Newsletter No 36

ISSN 0966-999X
No. 36, November 2008
Pages 1 – 4
Issued 03 December 2008

Council for Slavonic and East European Library and Information Services


  • Message from the Editor
  • Update on EBSEES
  • Leeds Russian Archive
  • Digest of Treasurer’s Report November 2008 update
  • Profile of The London Library
  • Library News Round-up
  • Deadline for next newsletter

Message from the Editor: Here included are articles and news items held over from the May 2008 issue as well as more recent news items.

Update on EBSEES

In May 2007, the COSEELIS Newsletter included a report on the end of work on the European Bibliography of Slavic and East European Studies (EBSEES).  At that time, it was hoped that the Maison des Sciences de l’Homme (MSH) might be able to keep the online version of the EBSEES databases running for some years to come, but without undertaking any further development work.

In fact, the position regarding EBSEES is now much more positive. The Berlin State Library (SBB) agreed to make staff and resources available to ensure that the online databases were not only preserved, but merged and given a user-friendly search interface.  The data files were transferred from the MSH and then Ivo Ulrich and his colleagues at the SBB began to merge the two very different databases.  This required a lot of work on the representation of special characters used in East European languages, and on manipulating the classification scheme used in the older EBSEES records to generate subject headings compatible with those used in EBSEES from 2001. A new search interface was also created, with up-to-date search and browse facilities.

The version of EBSEES now offered through the Slavistics Portal ( the SBB has a number of the latest Web 2.0 features.  Thanks to the SRU standard interface it is compatible with metasearch facilities (such as Metalib and iPort). Search Engine Optimization means that individual EBSEES records are visible to search engines – they are no longer buried in the deep web.  Use of information visualization techniques has created a Tag Cloud, a different way of browsing.  EBSEES is linked to the Karlsruhe Virtual Catalogue (KVK) which allows users to find out about the availability of a book in a number of national libraries and union catalogues, including COPAC. Moreover the COinS-interface allows automated searching for the full text of articles and the export of records into reference management software.

The final version of EBSEES now available to users contains over 85,000 records for the period 1991 to 2007.  Users will notice minor differences in the results, according to whether the record came from the old or new EBSEES database, and there are a few duplicate records.  It is possible to search in Cyrillic, but this should be used cautiously as it will only retrieve records for publications after 2001.  There are fewUKrecords for 2002 and later, but data for many of the other contributing countries is more up-to-date. At present there are no plans to digitise the printed volumes for 1975-1990, some 100,000 records.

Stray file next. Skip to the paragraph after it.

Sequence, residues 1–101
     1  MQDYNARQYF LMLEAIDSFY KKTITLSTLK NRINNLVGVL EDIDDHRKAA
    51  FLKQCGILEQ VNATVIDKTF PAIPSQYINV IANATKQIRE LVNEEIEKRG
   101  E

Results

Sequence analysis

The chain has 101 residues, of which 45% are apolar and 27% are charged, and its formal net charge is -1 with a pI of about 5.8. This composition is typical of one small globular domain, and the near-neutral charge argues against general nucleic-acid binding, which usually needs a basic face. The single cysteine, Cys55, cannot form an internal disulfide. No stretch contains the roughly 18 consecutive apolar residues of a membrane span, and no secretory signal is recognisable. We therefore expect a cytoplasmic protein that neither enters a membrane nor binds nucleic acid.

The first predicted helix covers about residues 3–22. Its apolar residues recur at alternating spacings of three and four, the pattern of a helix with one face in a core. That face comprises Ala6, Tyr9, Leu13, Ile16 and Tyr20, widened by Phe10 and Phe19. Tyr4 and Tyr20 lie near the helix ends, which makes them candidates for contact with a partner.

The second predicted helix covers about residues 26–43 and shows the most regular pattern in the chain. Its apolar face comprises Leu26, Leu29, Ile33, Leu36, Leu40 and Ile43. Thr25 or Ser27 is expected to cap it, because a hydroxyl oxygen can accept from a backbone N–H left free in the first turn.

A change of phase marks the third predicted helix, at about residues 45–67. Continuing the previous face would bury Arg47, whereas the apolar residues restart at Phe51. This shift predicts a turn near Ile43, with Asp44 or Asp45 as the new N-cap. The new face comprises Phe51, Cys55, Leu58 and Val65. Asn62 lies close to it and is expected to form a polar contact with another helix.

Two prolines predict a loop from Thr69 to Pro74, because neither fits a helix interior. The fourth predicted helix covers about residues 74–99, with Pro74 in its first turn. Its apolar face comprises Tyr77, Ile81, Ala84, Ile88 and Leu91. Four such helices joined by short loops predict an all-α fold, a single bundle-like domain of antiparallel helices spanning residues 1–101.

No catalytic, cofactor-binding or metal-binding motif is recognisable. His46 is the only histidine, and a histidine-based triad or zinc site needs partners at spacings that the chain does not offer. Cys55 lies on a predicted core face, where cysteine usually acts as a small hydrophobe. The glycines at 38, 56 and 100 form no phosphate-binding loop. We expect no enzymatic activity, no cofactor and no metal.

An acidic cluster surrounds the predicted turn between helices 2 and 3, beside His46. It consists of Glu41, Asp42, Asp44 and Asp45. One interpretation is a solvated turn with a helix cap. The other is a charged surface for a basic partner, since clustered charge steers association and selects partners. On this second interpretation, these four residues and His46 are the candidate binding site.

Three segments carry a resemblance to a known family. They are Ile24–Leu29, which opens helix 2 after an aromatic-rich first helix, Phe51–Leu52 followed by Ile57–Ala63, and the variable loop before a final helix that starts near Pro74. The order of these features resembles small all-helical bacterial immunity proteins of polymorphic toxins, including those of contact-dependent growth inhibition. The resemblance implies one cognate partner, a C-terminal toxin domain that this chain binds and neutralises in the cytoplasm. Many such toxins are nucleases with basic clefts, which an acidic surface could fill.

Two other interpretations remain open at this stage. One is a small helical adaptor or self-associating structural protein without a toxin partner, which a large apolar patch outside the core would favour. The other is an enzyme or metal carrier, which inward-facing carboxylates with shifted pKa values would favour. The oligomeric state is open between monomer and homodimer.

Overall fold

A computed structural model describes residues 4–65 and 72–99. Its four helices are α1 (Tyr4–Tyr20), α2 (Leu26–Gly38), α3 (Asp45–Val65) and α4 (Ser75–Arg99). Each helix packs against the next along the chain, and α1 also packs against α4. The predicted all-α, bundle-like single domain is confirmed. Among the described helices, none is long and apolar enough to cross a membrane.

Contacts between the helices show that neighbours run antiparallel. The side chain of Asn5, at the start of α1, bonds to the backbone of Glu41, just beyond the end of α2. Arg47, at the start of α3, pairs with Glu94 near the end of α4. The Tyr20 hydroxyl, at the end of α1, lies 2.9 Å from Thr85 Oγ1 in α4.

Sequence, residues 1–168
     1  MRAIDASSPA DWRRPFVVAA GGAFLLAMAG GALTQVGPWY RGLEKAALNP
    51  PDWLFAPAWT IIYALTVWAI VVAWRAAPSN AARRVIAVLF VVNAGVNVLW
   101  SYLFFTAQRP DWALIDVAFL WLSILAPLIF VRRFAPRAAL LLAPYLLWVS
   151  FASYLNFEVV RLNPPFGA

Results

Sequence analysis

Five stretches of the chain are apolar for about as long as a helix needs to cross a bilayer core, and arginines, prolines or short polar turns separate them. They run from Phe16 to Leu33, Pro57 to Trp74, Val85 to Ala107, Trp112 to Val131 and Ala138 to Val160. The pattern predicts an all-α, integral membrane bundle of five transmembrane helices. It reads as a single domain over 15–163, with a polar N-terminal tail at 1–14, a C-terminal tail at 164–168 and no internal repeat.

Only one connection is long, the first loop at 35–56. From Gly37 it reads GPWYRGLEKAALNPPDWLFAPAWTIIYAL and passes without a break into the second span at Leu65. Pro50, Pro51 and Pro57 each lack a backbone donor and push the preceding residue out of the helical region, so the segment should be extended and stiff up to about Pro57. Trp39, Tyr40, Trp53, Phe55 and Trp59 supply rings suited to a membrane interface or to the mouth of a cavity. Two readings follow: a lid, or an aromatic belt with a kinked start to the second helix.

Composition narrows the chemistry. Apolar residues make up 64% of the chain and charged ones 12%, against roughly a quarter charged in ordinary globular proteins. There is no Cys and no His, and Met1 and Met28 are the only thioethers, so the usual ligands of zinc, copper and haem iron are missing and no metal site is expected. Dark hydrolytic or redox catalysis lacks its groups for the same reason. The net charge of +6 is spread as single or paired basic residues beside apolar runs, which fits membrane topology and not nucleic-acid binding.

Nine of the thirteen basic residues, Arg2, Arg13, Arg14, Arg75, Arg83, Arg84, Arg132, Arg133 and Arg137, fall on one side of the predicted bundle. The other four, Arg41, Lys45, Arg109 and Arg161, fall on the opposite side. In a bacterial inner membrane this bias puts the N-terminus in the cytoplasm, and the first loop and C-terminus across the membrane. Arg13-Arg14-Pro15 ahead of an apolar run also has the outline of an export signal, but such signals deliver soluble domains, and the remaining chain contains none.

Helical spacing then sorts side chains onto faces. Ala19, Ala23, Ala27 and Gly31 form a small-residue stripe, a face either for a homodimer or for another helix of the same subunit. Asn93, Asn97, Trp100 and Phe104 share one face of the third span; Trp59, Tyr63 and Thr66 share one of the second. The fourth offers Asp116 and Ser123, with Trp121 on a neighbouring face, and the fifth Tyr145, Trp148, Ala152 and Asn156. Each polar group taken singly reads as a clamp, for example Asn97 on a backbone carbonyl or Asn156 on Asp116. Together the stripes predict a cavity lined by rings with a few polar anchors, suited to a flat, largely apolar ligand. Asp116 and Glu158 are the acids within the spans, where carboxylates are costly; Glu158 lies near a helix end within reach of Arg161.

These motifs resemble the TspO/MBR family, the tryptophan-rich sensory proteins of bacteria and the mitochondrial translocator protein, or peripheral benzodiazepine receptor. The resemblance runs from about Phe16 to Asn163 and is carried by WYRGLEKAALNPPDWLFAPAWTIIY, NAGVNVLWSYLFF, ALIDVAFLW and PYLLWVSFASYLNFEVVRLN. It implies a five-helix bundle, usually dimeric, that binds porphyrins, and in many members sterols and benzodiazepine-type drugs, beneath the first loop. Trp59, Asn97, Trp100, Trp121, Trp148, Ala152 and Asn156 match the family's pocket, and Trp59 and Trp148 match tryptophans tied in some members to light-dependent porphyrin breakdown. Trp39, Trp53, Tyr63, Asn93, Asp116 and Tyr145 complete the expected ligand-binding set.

We would like to invite you to use the new version of EBSEES, which is available at:

There are two search options – a simple search (word anywhere) and an advanced search (Author/Title/Subject).  Subject searches can be done by using subject headings or from the Tag Cloud.   It is possible to refine a subject search by typing a second term (such as a country) into the search box. Results display in alphabetical order of title.

Please try out the new EBSEES and let us have your comments.

Jenny Brine

Ivo Ulrich

April 2008

Leeds Russian Archive

In December 2007 the first volume (of a projected 23) of the first critical edition of the literary works, journalism, letters and diaries of Leonid Andreev (1871-1919) was published in Moscow by “Nauka”, the imprint of the Russian Academy of Sciences. This was the culmination of a collaborative project initiated by the RAS Institutes of World and Russian Literature (MoscowandSt Petersburg) and theUniversityofLeedsin 1993 and subsequently awarded an EU INTAS grant.

For the first time in the history of Russian critical (“akademicheskie”) editions a foreign institution, namely theUniversityofLeeds, was included among the sponsoring bodies listed on the pre-title page.

(There were long deliberations about the correct spelling of the adjective from “Lids” — “lidskii” or “lidsskii”, with the latter winning.) The appointment of a foreign scholar, in this case Richard Davies, to the editorial board was also a first. Richard Davies co-edited the first volume with his fellow deputy chief editor, Mikhail Koz’menko (RAS Institute of World Literature), who manages the database that unites the Andreev manuscript holdings of archives in Leeds,Moscow,Orel,St Petersburgand Stanford (California) and combines them with the commentaries of some 15 Russian and Western scholars.

Further volumes will be published out of numerical sequence in order to present works from different genres (stories, plays, journalism, letters, diaries), with volume 5 the next to go to press, all being well, later this year.

Richard Davies,LeedsRussian Archive – May 2008

Digest of Treasurer’s Report November 2008 update

The financial position of COSEELIS is steady and the 2008 conference made a profit of £41.33p. So far, nobody has used the Hospitality Fund.